To find your state legislators, go to this interactive map and enter your street address.

  1. Call their Salem office. You’ll probably reach their administrative aide or their legislative aide. These folks are your best allies. Learn their name and write it down.
  2. The first thing you say is, “I’m a constituent of [Representative/Senator] [Name].” (Always refer to the legislator as Representative Name or Senator Name.) “I would like to set up a short meeting with [Rep/Sen. Name] to discuss a homeschooling issue that’s very important to me.”
  3. You can try for an evening/weekend meeting in-district, but I have found that it’s much easier to get a meeting if I’m willing to go to Salem. Our legislators have long daily commutes, exhausting days, and their staff probably wants to protect their “family time” on evenings & weekends as much as possible. (The Capitol is a great field trip with your kids, and it’s a great opportunity for a side-trip to the Gilbert House.)
  4. Before the meeting:
    • Think of some talking points to get some ideas of how to address commonly-raised issues. Think of 1-2 sentences that sum up what you want to tell the legislator.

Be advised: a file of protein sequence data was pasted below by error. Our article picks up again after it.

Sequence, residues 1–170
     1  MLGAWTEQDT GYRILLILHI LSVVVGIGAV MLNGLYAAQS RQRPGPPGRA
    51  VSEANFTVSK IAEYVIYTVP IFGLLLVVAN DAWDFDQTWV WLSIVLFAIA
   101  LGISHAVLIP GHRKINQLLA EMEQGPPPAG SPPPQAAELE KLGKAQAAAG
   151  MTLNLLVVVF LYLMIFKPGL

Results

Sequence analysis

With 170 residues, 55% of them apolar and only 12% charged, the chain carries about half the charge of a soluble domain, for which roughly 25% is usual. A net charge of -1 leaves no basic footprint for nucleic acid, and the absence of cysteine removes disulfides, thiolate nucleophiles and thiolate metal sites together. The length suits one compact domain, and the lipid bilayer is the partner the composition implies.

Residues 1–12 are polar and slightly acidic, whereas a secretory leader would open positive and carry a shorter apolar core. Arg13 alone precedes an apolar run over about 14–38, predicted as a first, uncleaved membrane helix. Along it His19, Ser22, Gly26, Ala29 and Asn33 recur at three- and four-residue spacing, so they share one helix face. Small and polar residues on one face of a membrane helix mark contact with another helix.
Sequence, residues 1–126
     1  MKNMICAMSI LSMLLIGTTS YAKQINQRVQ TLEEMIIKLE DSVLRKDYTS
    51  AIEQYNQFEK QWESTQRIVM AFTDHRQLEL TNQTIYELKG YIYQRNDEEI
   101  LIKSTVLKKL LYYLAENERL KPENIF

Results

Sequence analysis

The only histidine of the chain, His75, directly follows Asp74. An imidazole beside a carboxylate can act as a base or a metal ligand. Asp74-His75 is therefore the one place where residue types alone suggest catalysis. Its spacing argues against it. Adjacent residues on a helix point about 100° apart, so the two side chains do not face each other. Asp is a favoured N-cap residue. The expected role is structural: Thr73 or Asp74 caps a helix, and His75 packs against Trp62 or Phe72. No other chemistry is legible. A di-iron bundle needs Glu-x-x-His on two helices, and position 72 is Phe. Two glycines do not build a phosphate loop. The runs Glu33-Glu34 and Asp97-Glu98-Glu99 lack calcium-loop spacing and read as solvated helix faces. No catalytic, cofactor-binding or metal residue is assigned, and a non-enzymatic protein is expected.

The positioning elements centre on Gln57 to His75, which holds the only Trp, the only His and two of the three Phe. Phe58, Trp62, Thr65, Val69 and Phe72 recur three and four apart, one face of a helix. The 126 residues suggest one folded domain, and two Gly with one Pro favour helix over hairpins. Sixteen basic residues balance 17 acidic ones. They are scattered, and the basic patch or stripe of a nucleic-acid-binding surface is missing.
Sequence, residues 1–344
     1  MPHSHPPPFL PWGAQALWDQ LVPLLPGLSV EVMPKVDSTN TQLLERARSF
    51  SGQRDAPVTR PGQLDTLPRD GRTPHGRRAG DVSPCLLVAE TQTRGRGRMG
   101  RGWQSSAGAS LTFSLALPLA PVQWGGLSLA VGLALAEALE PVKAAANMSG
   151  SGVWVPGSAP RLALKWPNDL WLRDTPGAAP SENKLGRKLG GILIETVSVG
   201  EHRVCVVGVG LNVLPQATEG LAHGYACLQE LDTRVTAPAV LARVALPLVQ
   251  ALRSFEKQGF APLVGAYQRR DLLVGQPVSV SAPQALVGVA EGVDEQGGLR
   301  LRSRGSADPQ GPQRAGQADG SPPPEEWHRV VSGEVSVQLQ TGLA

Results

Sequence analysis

• If you are discussing a specific bill, bring a copy with you.
    • Think up 1-2 questions that you want to ask the legislator. They are used to lobbyists telling them what they should do. It is refreshing for them to be asked for their opinion, advice, or position, rather than simply being told how to vote.
    • If you really want to connect with the legislator quickly, look up his/her voting record on some issues that matter to you. It’s wonderful to be able to start the conversation with: “Thank you for making time to meet with me. I appreciate your work, and especially your support/opposition to ____________.”
  5. At the meeting:
    • You will probably have about 10-15 minutes, at most.
    • Introduce yourself (and your children, if present), and thank the legislator for making time to meet with you.
    • Ask if they are familiar with the bill that you’re interested in. Whether or not they are, they’ll probably ask you to summarize it.
    • Make your request, or ask your questions.
    • Give them an opportunity to raise questions or make comments.
    • Acknowledge their concerns. Address the concerns if you feel comfortable doing so, or tell them that you’d like to look into their concerns and that you’ll get back to them.
    • When the legislator indicates that the meeting is over (often by standing up, or by the assistant reminding the legislator of another meeting), thank the legislator again for making the time for this meeting, and for considering your request.
  6. Follow up after the meeting with a hand-written note (or typed or e-mail if it’s going to be long) thanking the legislator for their time, and reiterating any points that you want the legislator to remember. If there were concerns that you don’t think were fully addressed, provide the additional information in your follow-up letter.

Have fun! This is participatory democracy in action.